When they came on, each member on stage had their own set of lights directly above them as they played. Reznor “surprised” the fans when his light came on simultaneous to his singing of the opening track. Throughout the show, Reznor was very active on stage running around, disappearing in the shadows and popping up on beat with the music to pick up the vocals, play the guitar or play the piano without missing a beat.
The light show involved would have been a hippie’s psychedelic dream. Shades of blues, greens, reds, and yellows scrolled from different lights across the set accompanied by a smoke machine that billowed a shroud around the stage throughout the set. A cage was lowered over the band members and used as an extension of the light show. At one point a square was displayed rotating across the cage and behind the band as they played an instrumental part of a song. As the rhythm started building a wave began rippling through the square to the beat of the music, getting faster and faster.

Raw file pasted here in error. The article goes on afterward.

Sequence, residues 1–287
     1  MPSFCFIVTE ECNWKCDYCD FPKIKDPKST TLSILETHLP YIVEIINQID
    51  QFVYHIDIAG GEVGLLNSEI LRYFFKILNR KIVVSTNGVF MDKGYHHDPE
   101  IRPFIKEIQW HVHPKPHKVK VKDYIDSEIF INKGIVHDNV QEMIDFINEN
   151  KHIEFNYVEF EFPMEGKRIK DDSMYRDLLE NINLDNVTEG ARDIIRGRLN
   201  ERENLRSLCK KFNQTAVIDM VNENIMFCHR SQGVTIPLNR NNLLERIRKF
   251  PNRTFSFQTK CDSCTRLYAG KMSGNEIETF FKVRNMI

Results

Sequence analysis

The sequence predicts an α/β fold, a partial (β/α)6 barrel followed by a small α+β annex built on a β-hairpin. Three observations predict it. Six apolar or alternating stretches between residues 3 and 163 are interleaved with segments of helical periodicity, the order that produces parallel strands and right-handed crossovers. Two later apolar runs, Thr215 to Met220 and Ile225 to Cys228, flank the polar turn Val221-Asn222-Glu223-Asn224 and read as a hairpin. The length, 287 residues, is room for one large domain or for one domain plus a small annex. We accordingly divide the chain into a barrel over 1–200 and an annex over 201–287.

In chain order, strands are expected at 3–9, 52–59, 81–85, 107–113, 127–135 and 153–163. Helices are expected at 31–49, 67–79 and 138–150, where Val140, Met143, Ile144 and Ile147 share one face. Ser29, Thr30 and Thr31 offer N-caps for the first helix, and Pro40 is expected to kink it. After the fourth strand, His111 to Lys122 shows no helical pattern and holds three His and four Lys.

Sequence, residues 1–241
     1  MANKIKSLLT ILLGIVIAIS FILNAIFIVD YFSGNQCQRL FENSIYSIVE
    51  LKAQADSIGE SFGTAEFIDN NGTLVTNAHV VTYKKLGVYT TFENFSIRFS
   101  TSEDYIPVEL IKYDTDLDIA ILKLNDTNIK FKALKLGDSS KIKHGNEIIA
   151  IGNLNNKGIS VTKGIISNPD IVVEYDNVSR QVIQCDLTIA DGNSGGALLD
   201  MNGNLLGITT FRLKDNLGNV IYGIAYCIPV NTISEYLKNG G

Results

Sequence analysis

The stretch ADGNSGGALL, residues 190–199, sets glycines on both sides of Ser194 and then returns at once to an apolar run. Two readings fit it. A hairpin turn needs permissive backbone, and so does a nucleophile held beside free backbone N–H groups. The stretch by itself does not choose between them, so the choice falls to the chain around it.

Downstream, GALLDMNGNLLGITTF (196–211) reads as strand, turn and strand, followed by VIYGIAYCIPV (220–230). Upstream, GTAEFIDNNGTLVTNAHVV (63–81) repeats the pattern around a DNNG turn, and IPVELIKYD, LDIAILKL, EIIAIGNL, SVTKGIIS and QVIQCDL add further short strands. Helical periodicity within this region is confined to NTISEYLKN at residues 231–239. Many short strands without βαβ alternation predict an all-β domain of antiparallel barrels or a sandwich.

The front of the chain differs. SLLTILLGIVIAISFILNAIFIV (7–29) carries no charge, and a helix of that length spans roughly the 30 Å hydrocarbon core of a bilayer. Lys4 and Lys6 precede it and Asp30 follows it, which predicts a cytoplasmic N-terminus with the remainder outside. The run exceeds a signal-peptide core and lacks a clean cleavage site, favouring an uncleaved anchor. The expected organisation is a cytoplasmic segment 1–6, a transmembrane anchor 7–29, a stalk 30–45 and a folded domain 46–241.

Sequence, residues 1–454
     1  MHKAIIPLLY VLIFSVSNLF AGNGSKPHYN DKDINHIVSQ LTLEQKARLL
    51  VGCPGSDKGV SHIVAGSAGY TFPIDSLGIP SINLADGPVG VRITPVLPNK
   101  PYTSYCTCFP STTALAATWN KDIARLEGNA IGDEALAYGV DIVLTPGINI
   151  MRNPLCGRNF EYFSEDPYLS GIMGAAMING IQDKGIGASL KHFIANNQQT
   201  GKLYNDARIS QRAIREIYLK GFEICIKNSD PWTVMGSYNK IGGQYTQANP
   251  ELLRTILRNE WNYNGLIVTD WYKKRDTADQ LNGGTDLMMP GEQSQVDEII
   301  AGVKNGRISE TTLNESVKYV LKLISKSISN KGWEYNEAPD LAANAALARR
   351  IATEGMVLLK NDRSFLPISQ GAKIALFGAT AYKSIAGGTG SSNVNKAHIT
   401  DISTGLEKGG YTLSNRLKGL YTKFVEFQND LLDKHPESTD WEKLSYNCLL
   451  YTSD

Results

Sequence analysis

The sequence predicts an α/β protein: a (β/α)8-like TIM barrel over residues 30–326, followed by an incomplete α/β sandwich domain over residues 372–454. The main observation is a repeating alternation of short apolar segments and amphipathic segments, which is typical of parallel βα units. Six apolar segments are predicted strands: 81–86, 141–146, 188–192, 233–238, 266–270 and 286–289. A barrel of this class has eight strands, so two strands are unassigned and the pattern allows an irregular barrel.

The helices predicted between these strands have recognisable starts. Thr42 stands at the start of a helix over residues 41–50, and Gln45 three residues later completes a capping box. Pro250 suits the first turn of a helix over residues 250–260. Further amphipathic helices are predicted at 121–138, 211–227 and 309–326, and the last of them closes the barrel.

The one annoying part of the show was fans and their cell phones. It was like the commercial for the new phone with the extremely high mega-pixels, the one where the parents are fighting to get the best cell phone shot. Only at the show, it was a line of people about 12 deep right in front of me. As the band played, different beautiful effects would be displayed as part of the light show. Each of these people would pull out their cell phones and then dance the jig trying to get a picture without the 10 people’s cameras in front of them in the shot. I think this is completely obnoxious. Are you there to grab a crappy out of focus shot with your 12-megapixel cell phone camera, or are you there to lose yourself in the music for a night? Leave it in your pocket. Enjoy the show.
Overall, NIN was amazing live. It was a great experience to finally see one of the bands that taught those of us growing up in the ‘90s how to stand up for ourselves, that gave us a voice. It was a visually stunning show to see and one of the most musically visceral shows I’ve ever been to. Openers Explosion in the Sky set the tone and did a wonderful job of prepping the crowd to lose themselves in the music.